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Tarantula terrarium

Monday, March 13, 2006 | 4 comments

Last Wednesday Esme picked up the terrarium I had ordered for my two tarantulas. One of them escaped months ago, but suddenly showed up 2 weeks ago, which was quite a happy surprise.

Tarantula terrarium, right section
Tarantula terrarium, right section

The terrarium is 50 cm x 25 cm x 40 cm (w x d x h ), and divided into two sections. The substrate is a mix of sand, organic stuff, and small stones: pieces of black volcanic glass (no sharp edges), mixed with volcanic stones, and other small stones, radius 2-5 mm.

Tarantula terrarium, right section
Tarantula terrarium, right section

The right part, housing the larger of the two tarantulas (the one that escaped), has 3 big pieces of stone (flat, radius ranging from about 3 cm to 6 cm), some small stones, and a few small pieces of wood. I use the plastic cover that came with an ice cream (Cornetto) to hold some water.

Since the dividing piece of glass doesn't go all the way up, I use two pieces of styrofoam touching each other, an idea Esme came up with. For cover I use a piece of glass with a hole in the center (diameter 3mm). I made very sure this time that there are no "small openings", since that's the last time I thought an opening was small enough, a tarantula managed to use it to escape.

Burrow of the tarantula
Burrow of the tarantula

Both tarantulas look like the Costa Rican Tiger rump (Cyclosternum fasciatum), but were collected in Veracruz, Mexico. It wouldn't amaze me if this Mexican tarantula is often sold as a Costa Rican Tiger rump, but have no idea if it's indeed the same species, or just a look-a-like. In the case of the former, this terrarium set up might be quite good for your Costa Rican Tiger rump.

Tarantula terrarium, right part
Tarantula terrarium, right part

The left section houses a smaller tarantula spider. I used a big piece of wood to provide a hiding place and added some small pieces of wood, a stone (flat, radius about 2.5 cm), and a bottle cup to hold some water.

I keep the substrate just a little moist using a spray can, but not too moist (i.e. no condensation on the glass). Since the temperature in the house is around 26 C, inside the terrarium it's around 28-30 C. Lowest temperature measured in the house was around 13 C during the day, but only for a few days. I guess the temperature in the terrarium would not drop below 15 C in such circumstances.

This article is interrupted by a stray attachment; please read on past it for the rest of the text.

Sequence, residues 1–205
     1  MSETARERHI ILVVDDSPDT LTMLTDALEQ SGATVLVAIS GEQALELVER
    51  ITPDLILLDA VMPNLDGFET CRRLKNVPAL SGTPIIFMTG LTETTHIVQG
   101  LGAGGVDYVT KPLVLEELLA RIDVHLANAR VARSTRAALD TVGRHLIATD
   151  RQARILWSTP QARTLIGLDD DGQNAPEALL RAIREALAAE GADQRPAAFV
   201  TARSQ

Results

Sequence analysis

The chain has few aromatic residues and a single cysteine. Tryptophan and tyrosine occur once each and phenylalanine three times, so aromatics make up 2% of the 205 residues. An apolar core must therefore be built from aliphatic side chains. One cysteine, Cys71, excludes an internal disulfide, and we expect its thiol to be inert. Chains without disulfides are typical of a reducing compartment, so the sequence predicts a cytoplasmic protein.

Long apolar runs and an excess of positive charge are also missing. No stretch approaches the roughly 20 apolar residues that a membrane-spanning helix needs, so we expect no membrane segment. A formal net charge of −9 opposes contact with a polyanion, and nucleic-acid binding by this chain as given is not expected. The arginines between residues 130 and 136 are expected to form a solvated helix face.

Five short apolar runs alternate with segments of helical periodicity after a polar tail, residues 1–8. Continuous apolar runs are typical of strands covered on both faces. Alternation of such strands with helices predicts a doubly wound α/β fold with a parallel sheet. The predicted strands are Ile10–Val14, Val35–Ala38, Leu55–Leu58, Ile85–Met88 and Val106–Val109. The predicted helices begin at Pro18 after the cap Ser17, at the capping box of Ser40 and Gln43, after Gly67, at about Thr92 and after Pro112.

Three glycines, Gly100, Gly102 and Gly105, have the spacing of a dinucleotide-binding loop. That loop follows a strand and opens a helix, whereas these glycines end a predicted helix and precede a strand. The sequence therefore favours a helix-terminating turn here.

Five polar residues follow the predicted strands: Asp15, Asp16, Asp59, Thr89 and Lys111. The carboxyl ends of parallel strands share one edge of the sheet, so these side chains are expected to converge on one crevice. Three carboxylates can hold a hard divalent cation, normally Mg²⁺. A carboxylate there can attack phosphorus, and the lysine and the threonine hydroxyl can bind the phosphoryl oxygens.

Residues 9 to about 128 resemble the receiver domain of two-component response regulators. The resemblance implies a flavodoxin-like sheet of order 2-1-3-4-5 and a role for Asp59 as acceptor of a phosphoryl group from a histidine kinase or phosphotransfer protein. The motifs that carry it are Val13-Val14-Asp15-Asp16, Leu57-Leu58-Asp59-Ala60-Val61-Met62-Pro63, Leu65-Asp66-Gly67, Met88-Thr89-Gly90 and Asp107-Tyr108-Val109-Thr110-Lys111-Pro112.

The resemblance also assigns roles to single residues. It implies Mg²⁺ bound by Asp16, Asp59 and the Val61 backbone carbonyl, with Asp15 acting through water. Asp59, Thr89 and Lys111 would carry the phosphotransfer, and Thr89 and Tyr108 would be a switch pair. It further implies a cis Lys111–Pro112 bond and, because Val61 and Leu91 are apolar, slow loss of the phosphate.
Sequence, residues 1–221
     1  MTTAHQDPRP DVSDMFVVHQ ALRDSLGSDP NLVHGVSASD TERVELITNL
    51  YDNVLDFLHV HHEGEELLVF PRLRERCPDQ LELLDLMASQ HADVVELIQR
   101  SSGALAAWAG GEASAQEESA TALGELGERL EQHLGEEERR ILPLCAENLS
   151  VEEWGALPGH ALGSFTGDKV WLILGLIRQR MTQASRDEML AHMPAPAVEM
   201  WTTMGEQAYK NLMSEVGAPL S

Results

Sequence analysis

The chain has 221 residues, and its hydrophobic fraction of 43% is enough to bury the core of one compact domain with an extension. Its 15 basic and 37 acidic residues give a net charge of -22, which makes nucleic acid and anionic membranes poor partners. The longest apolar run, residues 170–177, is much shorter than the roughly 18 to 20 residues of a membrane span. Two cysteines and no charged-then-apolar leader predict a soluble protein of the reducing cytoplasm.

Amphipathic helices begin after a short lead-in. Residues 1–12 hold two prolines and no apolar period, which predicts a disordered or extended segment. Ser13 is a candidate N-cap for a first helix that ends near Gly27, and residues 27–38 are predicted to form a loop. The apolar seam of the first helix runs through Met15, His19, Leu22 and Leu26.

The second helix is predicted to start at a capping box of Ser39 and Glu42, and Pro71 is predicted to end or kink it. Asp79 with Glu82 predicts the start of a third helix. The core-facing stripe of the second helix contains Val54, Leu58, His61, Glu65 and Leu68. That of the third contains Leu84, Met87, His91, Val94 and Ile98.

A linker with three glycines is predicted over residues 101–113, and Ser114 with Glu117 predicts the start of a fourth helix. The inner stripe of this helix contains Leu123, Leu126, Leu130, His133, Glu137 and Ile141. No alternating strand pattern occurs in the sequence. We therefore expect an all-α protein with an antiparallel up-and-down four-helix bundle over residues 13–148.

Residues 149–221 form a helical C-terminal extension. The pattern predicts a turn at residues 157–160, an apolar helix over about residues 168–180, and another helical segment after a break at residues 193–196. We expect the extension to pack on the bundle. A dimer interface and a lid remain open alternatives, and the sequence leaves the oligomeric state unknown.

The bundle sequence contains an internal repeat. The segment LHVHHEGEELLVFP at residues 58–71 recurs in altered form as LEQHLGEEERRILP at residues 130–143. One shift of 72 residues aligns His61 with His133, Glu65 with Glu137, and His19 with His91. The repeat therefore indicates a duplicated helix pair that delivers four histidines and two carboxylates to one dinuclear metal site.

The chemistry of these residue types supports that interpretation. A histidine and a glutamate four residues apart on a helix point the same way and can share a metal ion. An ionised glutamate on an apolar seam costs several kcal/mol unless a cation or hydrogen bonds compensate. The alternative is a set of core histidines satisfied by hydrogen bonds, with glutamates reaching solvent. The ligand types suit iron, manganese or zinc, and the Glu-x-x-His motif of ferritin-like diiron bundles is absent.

Tarantula terrarium, left section
Tarantula terrarium, left section

The small tarantula decided that instead of digging under the wood, the spot between the left most part of the wood and the corner of the terrarium was an excellent place to hide, and started to create a hiding place using webbing with soil glued to it. I guess it will molt in about 2 weeks and come out of hiding again to eat several house crickets.

The larger of the two tarantula spiders standing against the glass
The larger of the two tarantula spiders standing against the glass

The larger tarantula put quite some webbing on and around the stones, and attached several wires to the glass, roughly 20-25 cm above the substrate.

Larger of the two taranturals entering its hiding place
Larger of the two taranturals entering its hiding place

The larger one was somewhere hiding in the house for months, and when I found it back, it looked like it hadn't been eating for quite some time. So I fed it several small house crickets.

Larger tarantula resting on a stone
Larger tarantula resting on a stone

I currently have 2 tarantula spiders, and the more I observe them, the more fascinating they become, even though I know they can go into hiding for weeks, and are not very active, except when they notice a cricket running around that is.

Note: the terrarium might be considered a bit too high (40 cm) for housing a ground dwelling tarantula (which I consider this species to be). I have added a small branch to the section housing the larger of the two tarantulas to observe if it does use it (it does climb upon the glass sides).

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